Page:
If I had to rank them (haven't seen Up!):
1. Finding Nemo (2 words: Albert Brooks)
2. The Incredibles (3 words: Samuel L. Jackson)
3. Toy Story (2 words: Don Rickles)
4. Tie: Monsters Inc. and Ratatouille. Animation should always be this good; this detailed; this seamless. Jaw dropping at times.

Not so much: Cars (3 words: Git 'er Done)

Chris said...

The Incredibles has to be ranked a 1 or 2, IMO. Best combination of fun action, humor for kids and adults, and some of the best representations of family interactions I've seen in almost any movie.

Neeebs (The Original) said...

When my daughter was much younger, we watched Nemo over and over and over and over and get the point.

Nemo rocks. Love Monster's Inc.

So I'd give them both a One Two rating.

Only one question...Why didn't they spell it FINDING NEEEMO?

Jon Weisman said...

I think Cars gets a bad rap and that "Bug's Life" is their only one that doesn't quite work.

People talk about the opening of "Wall-E," but I don't know if Pixar has ever done a better sequence than the marriage montage in "Up."

Snarktwain said...

I might be wrong, but I believe "A Bug's Life" as a whole was a reference to the working relationship between the ant-like Pixar and the grasshopper-like Disney, since Disney got all the name recognition and most of the money for Toy Story. This makes this movie better, for me, although it still doesn't get near The Incredibles or Monsters, Inc..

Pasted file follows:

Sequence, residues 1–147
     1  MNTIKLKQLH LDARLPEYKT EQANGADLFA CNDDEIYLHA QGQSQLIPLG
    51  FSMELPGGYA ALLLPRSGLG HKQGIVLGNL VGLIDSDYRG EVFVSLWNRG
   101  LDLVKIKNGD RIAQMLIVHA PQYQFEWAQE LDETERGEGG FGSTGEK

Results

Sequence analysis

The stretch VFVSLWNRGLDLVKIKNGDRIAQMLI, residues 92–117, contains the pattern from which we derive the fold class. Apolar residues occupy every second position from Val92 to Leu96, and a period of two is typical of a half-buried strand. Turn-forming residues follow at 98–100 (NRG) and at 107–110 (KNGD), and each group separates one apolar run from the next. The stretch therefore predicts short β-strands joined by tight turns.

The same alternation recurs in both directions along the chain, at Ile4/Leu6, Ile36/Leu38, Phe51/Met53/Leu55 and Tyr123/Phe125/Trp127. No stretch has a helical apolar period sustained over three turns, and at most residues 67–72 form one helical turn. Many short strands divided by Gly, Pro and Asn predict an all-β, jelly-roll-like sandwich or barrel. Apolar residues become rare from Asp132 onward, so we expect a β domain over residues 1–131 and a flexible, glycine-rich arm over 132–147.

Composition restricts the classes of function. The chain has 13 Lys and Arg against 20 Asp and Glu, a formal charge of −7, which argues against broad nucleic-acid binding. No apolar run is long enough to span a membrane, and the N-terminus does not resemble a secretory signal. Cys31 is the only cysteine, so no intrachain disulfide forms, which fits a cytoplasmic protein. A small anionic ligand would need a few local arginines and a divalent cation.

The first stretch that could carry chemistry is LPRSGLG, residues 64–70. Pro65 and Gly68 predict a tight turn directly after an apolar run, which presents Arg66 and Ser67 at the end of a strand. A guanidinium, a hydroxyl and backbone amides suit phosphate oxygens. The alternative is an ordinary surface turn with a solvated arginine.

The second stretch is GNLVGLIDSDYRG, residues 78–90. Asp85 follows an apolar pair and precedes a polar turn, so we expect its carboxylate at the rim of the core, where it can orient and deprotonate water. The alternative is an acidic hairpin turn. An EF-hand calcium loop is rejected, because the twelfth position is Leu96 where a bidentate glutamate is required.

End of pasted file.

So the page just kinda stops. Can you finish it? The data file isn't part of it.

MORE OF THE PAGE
Josh S. said...

I tried ranking the Pixar flicks, but I just couldn't (for one, I haven't seen Cars or Ratatouille). I know for sure that Up is the best by far, though. Incredibles is an easy second, and then the rest of them are tied for third.

rbnlaw said...

Keeping with my theme (that I slipped from in my own rankings):
Monsters, Inc.: 2 words; Steve Buscemi.

Unknown said...

WALL-E is the best Pixar film and definitely one of the greatest films around. The "second half" whining is just a crutch used by people because they can't find anything actually wrong with the film, so they complain the second half was too cute or whatever stupid thing they've come up with.

cigarcow said...

Waaayyyy off here. Monsters Inc blew (plus Billy Crystal blah). Wall-E was the greatest cartoon movie ever.

Felix Pardalis said...

As a father of a 2-year old who is currently rewatching the Pixar canon with her, I have to agree that Monsters, Inc is underrated. Not only does it have an incredibly cute kid but the last half hour more than makes up for any slowness of the beginning.

Biggest disappointment so far has been Bug's Life, which is very amusing but without a focused message.

It's not surprising that on a sports-related blog the great Cars isn't loved. It makes a great case for "it's only a game".

Fred's Brim said...

Orel will you be updating the power rankings now that Toy Story 3 is out?

I have seen all three Toy Storys for the first time this week and would be interested to hear your take on the new one

Kyle Baker said...

I may be one of the few people who loathe Monsters, Inc. I love animated movies (thankfully, as I am married to a DreamWorks employee), and I see and enjoy most of them. But Monsters? Blech. It was just John Goodman running around yelling "Boo?" while running in and out of doors for 92 minutes.

Fred's Brim said...

I have only seen parts of Monsters Inc, but Billy Crystal puts me off of that one straight away

The intro cartoon for Toy Story 3 was pretty awesome. It must be so fun to make things like that. I took an animation class in college but we didn't get too much past zoetropic animation (still cool though)

I may have missed it but I was hoping to see a shoutout to the late Jim Varney. There didnt seem to be anything in the credits

Kyle Baker said...

I'm aiming for zoetropic animation tonight.

Fred's Brim said...

Breaking out the strobe light tonight?
*does robot dance*